Every James Brown show began with a hypeman introducing the star of the show, rattling off a list of his latest hits and heroic epithets: "Mr. Dynamite! The amazing Mr. 'Please, Please 'himself! He's universally known as Soul Brother Number One!" That may have put the case too mildly. He toured and recorded ceaselessly for half a century; in the decade bookended by 1965's genre-redefining "Papa's Got a Brand New Bag" and 1974's zeitgeist-assessing "Funky… more »

0

Icon: James Brown

By Douglas Wolk, Contributor

Every James Brown show began with a hypeman introducing the star of the show, rattling off a list of his latest hits and heroic epithets: "Mr. Dynamite! The amazing Mr. 'Please, Please 'himself! He's universally known as Soul Brother Number One!" That may have put the case too mildly. He toured and recorded ceaselessly for half a century; in the decade bookended by 1965's genre-redefining "Papa's Got a Brand New Bag" and 1974's zeitgeist-assessing "Funky… more »

0

Six Degrees of Rick James’s Street Songs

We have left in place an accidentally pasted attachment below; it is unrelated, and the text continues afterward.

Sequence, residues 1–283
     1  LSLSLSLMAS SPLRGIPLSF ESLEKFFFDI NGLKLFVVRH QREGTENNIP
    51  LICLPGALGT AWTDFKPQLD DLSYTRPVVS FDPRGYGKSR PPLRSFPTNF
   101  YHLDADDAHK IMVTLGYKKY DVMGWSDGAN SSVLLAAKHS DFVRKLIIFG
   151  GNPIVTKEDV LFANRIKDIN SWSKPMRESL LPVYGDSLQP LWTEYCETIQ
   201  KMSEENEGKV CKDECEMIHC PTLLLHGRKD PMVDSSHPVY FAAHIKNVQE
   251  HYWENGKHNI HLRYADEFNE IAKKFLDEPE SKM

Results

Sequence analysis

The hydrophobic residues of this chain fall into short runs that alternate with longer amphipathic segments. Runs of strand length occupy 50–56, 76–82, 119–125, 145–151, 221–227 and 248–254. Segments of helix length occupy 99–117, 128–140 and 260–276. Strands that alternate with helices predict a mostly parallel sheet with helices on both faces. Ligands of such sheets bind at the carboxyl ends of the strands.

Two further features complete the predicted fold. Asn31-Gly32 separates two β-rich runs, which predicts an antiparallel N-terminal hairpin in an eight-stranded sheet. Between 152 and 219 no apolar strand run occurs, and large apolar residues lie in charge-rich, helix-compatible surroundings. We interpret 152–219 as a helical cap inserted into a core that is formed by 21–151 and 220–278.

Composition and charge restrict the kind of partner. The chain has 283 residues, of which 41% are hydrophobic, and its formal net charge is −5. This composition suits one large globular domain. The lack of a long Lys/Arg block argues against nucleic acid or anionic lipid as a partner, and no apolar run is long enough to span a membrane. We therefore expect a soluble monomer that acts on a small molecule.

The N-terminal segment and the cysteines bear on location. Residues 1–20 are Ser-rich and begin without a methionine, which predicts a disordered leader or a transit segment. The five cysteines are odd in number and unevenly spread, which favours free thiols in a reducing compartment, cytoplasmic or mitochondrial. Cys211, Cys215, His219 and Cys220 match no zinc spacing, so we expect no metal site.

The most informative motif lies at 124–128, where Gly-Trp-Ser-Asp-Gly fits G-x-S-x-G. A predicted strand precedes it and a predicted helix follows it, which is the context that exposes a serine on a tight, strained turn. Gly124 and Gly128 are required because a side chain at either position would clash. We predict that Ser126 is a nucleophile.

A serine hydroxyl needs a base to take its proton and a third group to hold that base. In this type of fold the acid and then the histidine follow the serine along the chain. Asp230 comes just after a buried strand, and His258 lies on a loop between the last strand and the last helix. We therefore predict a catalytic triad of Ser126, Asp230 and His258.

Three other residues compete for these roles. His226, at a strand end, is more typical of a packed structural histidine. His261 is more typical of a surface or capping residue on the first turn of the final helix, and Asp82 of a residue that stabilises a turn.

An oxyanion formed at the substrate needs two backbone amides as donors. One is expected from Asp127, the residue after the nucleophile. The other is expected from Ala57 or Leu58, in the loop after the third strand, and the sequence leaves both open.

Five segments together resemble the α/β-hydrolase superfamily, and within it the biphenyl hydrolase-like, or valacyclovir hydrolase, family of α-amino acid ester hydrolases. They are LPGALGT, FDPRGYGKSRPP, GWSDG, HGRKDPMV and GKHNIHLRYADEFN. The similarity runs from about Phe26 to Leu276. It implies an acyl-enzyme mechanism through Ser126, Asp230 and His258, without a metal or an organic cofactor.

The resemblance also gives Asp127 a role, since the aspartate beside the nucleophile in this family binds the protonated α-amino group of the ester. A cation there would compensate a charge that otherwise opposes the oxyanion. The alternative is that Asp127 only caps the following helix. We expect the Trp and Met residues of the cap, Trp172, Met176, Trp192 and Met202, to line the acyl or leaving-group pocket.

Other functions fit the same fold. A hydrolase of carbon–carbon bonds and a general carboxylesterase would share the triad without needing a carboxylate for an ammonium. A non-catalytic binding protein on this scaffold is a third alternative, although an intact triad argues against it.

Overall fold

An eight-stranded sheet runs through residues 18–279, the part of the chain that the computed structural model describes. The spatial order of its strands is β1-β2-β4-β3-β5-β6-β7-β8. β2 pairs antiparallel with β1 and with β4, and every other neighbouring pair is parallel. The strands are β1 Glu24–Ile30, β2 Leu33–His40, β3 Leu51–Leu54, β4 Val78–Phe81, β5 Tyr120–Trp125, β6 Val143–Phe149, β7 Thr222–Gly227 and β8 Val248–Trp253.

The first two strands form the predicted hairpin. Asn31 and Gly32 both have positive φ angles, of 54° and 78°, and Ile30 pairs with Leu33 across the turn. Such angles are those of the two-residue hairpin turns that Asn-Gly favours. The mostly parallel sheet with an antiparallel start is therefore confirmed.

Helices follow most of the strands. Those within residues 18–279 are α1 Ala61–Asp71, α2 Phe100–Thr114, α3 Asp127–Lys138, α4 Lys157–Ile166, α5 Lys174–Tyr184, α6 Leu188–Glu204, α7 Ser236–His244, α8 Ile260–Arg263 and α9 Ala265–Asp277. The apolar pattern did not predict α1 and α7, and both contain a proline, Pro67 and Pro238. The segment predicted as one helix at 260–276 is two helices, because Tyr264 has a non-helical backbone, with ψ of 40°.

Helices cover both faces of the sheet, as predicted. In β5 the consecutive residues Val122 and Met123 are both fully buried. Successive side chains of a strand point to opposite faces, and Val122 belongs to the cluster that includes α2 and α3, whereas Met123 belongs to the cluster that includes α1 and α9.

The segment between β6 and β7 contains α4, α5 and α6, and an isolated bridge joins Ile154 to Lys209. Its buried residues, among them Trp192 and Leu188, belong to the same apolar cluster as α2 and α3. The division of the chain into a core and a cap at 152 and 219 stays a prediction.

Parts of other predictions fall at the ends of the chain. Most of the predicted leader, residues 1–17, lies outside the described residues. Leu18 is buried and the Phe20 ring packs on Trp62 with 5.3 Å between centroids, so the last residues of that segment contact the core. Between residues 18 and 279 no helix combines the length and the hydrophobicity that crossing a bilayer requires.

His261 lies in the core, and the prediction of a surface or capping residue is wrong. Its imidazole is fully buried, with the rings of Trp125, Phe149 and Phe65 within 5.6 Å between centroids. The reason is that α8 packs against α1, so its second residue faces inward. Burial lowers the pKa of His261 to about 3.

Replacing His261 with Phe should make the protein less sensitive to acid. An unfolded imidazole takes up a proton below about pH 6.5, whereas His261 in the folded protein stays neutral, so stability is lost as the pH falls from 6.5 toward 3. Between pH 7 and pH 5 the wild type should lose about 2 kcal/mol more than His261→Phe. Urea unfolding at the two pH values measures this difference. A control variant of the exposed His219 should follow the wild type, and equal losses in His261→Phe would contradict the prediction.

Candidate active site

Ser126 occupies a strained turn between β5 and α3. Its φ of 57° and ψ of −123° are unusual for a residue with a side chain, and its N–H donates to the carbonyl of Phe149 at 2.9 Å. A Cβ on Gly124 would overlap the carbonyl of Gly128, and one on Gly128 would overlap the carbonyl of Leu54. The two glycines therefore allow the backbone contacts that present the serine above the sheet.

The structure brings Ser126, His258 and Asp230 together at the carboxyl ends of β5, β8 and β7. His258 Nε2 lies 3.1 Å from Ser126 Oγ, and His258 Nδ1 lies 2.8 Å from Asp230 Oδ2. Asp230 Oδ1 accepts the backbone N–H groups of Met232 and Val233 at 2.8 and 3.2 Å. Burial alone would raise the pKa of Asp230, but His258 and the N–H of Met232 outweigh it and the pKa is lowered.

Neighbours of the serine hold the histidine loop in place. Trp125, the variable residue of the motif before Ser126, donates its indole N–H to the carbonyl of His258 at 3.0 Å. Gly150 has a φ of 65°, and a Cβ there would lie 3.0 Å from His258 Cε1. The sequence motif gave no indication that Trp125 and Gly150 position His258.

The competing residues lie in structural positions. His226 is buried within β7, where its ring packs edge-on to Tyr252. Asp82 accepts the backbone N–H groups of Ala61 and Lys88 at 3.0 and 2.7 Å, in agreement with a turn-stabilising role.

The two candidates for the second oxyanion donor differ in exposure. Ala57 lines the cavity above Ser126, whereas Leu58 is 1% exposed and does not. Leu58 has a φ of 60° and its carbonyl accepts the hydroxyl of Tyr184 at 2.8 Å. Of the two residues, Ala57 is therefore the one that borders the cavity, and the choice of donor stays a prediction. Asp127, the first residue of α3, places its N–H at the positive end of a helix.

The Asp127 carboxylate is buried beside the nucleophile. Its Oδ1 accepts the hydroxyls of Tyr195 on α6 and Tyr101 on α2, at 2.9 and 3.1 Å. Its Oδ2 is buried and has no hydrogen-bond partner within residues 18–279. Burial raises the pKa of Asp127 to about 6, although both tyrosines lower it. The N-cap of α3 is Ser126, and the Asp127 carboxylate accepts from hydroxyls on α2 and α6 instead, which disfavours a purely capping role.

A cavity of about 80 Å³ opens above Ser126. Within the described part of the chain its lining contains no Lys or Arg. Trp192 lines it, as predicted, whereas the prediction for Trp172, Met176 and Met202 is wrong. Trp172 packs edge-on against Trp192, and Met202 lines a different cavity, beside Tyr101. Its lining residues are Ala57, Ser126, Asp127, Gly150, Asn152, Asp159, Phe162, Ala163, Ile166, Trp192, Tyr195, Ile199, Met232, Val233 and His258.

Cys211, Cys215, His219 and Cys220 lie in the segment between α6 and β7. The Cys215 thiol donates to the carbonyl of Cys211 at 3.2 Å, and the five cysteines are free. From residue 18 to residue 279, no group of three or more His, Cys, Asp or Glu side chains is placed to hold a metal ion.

By Sean Fennessey, Contributor

It used to be easier to pretend that an album was its own perfectly self-contained artifact. The great records certainly feel that way. But albums are more permeable than solid, their motivations, executions and inspirations informed by, and often stolen from, their peers and forbearers. It all sounds awfully formal, but it's not. It's the very nature of music — of art, even. The Six Degrees features examine the relationships between classic records and five… more »

0

Six Degrees of Rick James’s Street Songs

By Sean Fennessey, Contributor

It used to be easier to pretend that an album was its own perfectly self-contained artifact. The great records certainly feel that way. But albums are more permeable than solid, their motivations, executions and inspirations informed by, and often stolen from, their peers and forbearers. It all sounds awfully formal, but it's not. It's the very nature of music — of art, even. The Six Degrees features examine the relationships between classic records and five… more »

0

Six Degrees of Public Enemy’s It Takes A Nation of Millions…

By Christopher R. Weingarten, Contributor

It used to be easier to pretend that an album was its own perfectly self-contained artifact. The great records certainly feel that way. But albums are more permeable than solid, their motivations, executions and inspirations informed by, and often stolen from, their peers and forbearers. It all sounds awfully formal, but it's not. It's the very nature of music — of art, even. The Six Degrees features examine the relationships between classic records and five… more »

0

Six Degrees of Public Enemy’s It Takes A Nation of Millions…

By Christopher R. Weingarten, Contributor